Business or family will? Defeating paralysis
'I have been in countless situations over the last 32 years in finance, where the most undeserving person in the family or business has been expecting every penny that was available, and received nothing.'
ABOVE my late father-in-law David’s computer he had a little sign, which said: "Procrastination is my greatest sin. Maybe one day I might do something about it”.
There is no greater procrastination than that of making a family will or a business will. But if the business owner was faced with the chaos and disruption that may inevitably value the business as nothing, might they be more inclined to do something about it during their lifetime?
The emotions around this column relate, as much to the business will as to the family will/decisions.
Business owners are often faced with either ‘fishing like mad’, because the fish are biting, or ‘fishing everywhere they can’, because they are not’.
The thought of putting the rod down to decide what you will do with your fishing gear when you are no longer here, is as appealing as a cardboard licking competition.
There are often many issues, which cause paralysis in the mind of the business owner: Do I leave it to my children and which one if I do, and how much to each? Will one expect more than the other? How will my team respond if I leave it ‘disproportionately’, or even to my children at all?
Such decisions can create significant emotional distress, and the primitive part of the brain that deals with emotion can ‘protect’ you by telling you to ‘deal with it later’ creating paralysis. That is the moment you read over the same paragraph five times and make another cup of tea.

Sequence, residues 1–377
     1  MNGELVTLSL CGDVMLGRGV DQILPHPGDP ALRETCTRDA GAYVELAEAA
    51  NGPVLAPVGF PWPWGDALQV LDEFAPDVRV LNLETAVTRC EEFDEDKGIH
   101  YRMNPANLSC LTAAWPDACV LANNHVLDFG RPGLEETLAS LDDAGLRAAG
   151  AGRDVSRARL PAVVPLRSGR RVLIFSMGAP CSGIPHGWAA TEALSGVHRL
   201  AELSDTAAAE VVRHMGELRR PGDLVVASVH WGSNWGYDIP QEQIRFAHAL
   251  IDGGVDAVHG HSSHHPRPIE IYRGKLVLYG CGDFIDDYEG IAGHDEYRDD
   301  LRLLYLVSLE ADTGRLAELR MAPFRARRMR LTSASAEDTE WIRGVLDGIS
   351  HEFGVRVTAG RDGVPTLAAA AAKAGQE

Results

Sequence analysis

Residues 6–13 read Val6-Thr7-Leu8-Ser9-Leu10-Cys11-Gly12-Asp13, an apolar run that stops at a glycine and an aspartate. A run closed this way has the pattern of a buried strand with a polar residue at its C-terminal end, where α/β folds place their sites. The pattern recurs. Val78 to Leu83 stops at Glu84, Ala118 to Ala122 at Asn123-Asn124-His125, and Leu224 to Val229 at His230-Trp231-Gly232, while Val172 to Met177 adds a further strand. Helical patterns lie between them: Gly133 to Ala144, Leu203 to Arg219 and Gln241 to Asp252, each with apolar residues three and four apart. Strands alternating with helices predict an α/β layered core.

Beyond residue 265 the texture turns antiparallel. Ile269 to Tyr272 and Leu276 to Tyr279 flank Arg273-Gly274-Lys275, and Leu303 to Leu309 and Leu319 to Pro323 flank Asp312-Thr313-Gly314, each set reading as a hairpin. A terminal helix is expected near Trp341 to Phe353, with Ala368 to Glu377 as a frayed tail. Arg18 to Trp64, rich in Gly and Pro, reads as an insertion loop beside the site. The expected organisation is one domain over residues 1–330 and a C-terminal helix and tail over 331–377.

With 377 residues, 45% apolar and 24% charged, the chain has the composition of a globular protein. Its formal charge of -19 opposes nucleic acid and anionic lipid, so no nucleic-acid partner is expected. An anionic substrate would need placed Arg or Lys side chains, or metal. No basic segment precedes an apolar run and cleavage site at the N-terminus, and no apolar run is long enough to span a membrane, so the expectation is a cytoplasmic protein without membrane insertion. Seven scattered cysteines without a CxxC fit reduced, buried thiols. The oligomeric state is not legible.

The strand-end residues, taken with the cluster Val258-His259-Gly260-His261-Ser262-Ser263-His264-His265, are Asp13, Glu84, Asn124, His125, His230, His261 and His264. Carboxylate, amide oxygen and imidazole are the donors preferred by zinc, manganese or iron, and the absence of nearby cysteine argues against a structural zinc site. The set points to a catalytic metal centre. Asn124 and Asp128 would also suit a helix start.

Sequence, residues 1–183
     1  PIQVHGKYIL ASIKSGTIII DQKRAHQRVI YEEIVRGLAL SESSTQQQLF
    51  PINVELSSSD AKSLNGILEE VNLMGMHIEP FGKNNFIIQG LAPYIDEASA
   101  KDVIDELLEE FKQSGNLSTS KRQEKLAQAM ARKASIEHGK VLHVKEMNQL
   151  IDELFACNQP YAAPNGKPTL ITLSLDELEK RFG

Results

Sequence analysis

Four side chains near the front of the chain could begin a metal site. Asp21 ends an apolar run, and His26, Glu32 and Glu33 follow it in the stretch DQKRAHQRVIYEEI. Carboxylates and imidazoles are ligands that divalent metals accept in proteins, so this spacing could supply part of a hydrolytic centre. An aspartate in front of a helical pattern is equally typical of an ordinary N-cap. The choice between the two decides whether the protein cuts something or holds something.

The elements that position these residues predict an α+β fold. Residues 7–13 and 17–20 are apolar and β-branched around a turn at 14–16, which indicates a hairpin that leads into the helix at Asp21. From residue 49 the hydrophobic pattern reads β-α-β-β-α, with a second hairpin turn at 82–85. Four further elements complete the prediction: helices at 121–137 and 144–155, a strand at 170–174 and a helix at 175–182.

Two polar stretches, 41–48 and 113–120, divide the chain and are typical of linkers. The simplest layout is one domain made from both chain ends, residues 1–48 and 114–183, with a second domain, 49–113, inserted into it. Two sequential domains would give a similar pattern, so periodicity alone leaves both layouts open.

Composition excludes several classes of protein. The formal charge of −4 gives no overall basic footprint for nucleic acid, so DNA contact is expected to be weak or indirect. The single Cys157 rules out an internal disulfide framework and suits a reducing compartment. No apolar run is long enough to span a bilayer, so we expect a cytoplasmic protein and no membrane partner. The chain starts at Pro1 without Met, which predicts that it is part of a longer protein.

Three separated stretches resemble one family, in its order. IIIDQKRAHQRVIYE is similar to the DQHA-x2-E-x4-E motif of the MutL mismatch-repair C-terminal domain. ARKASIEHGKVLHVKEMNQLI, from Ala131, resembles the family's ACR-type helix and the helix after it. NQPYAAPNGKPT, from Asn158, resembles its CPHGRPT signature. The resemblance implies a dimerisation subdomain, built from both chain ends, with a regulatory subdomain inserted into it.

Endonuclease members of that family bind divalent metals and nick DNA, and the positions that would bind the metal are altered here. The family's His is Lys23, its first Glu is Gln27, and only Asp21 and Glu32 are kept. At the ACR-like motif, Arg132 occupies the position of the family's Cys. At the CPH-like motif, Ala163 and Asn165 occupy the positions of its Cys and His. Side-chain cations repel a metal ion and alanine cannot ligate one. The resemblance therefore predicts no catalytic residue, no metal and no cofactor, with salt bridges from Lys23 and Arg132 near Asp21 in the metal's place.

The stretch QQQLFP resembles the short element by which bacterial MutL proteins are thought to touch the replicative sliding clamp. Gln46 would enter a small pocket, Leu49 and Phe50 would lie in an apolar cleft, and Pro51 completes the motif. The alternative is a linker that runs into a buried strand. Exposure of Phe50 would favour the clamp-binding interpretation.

Worst case scenarios can trigger action to take care of that, so let’s look at them:
How many times during our lives do we sit in bewilderment at colleagues or family member’s complete misunderstanding of an event or even their thought process?
How can they have become so deranged as to think that way? Its no secret that personality disorders such as narcissism, psychopathy are on the rise, whilst society in itself seems more focused on ‘selfies (being in the photo)’ than the item, they are taking a photo of.
It is possible later, that those pouting photos will look as daft to you as they do to people around you now.
I have been in countless situations over the last 32 years in finance, where the most undeserving person in the family or business has been expecting every penny that was available, and received nothing.
This is dangerous in a family, but really so in a business as they can bite their nose off to spite their face.
If this is the case when we are alive, what might it be like when we are not there to influence it?
A business with borrowing is at the control of the bank. After a bereavement of a senior member of staff, the bank will see there is no continuity plan, that there is disruption, and there is no longer the skill set of the deceased.
No-one loves a business or works harder than the owner. No bank, however, is blind to the inevitable failure of a business as described above and they will rush to protect their assets as quickly as is possible.
Step one is to have what we call the courageous conversations in the house/business. This will cause disruption potentially, but that’s why they are called ‘courageous’. Go in with a clearly defined outcome and leave that primitive part of the brain (emotion) asleep.
It’s possible you may have to bring some outcomes forward, but that’s always good.
What would you like to happen in the event of death, an illness? Who should run the company? Do they have the skillsets? What do the others think? Are there particular items you would like to leave to anyone? Do you want to leave shares to someone or just an increased position in the company and leave the shares to the family for the Inheritance tax break that this allows?
This will lead to many choices on training and up skilling to ensure peace of mind with the bank and also for your self.
There is no accounting for the benefit of a clear mind when you are running a business knowing it is secure no matter what.
More next week on protecting these assets from the bank.
Peter McGahan is chief executive of independent financial adviser Worldwide Financial Planning, which is authorised and regulated by the Financial Conduct Authority. If you have a question on business or family protection call Darren McKeever on 028 6863 2692, email email@example.com or visit www.wwfp.net.